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daughters of earth. Seen by the light of this experience, with all its graceful humility, sound sense, sterling knowledge, and profound thought, there is no eulogium we can pen which could exaggerate the merits of that address. It would seem as if this, one of his last, and his grandest effort, were meant purposely to bring before the most general and enlightened audience the evidence of that earnest desire for truth which was ever the rule and compass of that mind. He, who in the smallest things was not content without the knowledge of what he knew,' as distinguished from the empirical solutions which satisfy the mass, would, even had he been the meanest born of men, have listed himself to sit among the great ones of the earth. The scope of this speech, and the unity of all its parts, preclude any partial quotations. The Prince was proud of the compliment paid to him by the Association in requesting him to accept the office of President; and well he might be, for no body of men ever stood more acquitted to the world of choosing a head from any consideration but that of distinguished personal merit. And yet it is a fact that the Prince was greatly hindered by pressure of business in the needful preparation of this address, and felt, though certainly without any cause, that he might have done himself better justice.
One part of the speech there is which no one heard or will peruse without a sense of the personal magnanimity of the speaker. We allude to the generous laudation of the late Alexander Humboldt, whose birthday, as the Prince reminded the meeting, fell on that very day. We feel proud of the contrast this presents with the snarling and spiteful mention of the Prince Consort in Humboldt's published letters to Varnhagen-a spite traceable, as any one may perceive, to the worldly-minded philosopher's disappointment at the absence of any message from the Queen respecting his Cosmos. The admirable speech at Edinburgh on the opening of the Post Office and Industrial Museum, on the 23rd October, 1861, was the last occasion on which this gentle and earnest voice was heard by the public.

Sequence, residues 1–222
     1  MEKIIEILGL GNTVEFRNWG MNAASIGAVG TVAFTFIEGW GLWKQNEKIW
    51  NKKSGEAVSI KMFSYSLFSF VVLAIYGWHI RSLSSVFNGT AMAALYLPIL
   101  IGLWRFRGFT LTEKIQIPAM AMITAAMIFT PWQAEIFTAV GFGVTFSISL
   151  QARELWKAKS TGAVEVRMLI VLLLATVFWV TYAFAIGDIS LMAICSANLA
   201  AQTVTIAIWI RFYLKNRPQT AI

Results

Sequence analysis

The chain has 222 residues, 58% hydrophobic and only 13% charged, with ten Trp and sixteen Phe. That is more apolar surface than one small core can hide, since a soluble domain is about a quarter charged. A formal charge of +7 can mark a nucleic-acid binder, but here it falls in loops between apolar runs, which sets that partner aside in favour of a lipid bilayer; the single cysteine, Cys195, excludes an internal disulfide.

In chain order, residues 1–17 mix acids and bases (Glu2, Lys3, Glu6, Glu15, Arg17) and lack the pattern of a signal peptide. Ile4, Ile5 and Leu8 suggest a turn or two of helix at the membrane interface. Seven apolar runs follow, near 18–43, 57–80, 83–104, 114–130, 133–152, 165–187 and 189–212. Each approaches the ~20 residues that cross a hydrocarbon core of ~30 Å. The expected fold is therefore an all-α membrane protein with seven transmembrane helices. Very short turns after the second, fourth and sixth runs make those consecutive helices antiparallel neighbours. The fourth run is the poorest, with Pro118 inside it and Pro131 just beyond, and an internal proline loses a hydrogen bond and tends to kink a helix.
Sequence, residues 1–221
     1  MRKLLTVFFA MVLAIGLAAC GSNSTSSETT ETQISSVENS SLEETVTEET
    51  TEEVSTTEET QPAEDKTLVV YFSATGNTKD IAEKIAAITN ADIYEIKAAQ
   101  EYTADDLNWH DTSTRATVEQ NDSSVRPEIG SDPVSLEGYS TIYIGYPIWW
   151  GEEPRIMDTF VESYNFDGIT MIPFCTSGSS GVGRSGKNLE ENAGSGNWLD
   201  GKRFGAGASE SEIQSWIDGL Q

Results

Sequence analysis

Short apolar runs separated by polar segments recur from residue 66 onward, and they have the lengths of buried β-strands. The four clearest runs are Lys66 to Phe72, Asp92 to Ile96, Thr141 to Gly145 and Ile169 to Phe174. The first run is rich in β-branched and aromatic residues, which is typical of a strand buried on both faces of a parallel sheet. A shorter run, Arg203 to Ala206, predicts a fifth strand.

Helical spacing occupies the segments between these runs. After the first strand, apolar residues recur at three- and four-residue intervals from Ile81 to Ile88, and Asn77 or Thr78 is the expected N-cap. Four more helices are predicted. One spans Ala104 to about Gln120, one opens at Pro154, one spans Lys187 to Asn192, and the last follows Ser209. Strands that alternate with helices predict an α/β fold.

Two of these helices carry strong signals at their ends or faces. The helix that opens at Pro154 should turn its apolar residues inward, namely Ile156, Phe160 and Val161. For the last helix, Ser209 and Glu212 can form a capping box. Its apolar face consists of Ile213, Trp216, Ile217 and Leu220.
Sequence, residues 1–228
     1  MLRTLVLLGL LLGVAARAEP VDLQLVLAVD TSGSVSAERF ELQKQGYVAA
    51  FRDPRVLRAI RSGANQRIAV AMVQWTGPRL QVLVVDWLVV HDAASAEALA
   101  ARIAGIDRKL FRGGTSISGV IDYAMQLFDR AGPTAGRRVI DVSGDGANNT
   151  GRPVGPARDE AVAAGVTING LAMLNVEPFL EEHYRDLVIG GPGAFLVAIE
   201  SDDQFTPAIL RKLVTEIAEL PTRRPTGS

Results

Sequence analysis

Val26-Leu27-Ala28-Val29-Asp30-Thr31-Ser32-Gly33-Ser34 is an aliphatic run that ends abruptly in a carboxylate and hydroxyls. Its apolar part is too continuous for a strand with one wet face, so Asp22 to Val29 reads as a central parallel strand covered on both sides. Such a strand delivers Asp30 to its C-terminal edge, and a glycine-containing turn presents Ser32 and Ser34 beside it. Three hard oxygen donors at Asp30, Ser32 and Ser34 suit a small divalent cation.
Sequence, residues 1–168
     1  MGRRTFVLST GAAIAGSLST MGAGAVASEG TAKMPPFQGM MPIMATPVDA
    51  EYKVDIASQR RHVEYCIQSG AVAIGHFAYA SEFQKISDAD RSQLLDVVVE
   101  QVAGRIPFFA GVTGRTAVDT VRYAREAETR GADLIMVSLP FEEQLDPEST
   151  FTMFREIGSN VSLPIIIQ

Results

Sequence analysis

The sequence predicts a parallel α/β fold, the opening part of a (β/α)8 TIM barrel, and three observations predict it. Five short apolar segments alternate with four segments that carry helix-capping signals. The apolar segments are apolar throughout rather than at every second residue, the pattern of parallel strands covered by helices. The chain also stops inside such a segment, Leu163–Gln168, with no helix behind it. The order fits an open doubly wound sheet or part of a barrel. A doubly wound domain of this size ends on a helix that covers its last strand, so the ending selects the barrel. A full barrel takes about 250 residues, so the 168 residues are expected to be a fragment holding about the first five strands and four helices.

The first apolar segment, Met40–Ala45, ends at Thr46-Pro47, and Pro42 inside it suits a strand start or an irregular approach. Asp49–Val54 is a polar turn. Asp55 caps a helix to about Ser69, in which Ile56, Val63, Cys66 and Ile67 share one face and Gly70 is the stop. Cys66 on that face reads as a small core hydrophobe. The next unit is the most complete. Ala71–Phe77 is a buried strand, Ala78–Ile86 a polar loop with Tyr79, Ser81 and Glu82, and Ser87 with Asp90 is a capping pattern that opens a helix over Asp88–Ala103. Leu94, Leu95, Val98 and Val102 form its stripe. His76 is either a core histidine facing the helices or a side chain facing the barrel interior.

That these speeches and addresses were entirely his own Ceased to be doubted, as the powers of his mind became more recognised. It is well known that he derived no help from any one in the way of ideas and opinions, though occasionally, and this only in his early time, a few of the sentences would be written by himself in German first, and translated with the help of some trusted friend. In most instances they were spoken, and always with great distinctness and gentle emphasis, without any appearance of assistance from memoranda. On some after-dinner Vol. 111.-No. 221.
occasions a few pencil-notes, taken from his pocket, were laid on the table by his side, and quietly consulted in intervals of applause. From the first his English was easy and pure; but he greatly expanded in facility and fluency in the last years, and there is no doubt that he would soon have mastered even that most English accomplishment, impromptu speaking. For there is plenty of evidence of his power of expressing himself clearly, even eloquently, and at considerable length, without any previous preparation. At the meetings of the Commission for the Exhibition of 1851, especially, he came into contact with the most practised orators of the day, in debates of no insignificant character, and always maintained his part with conspicuous ability.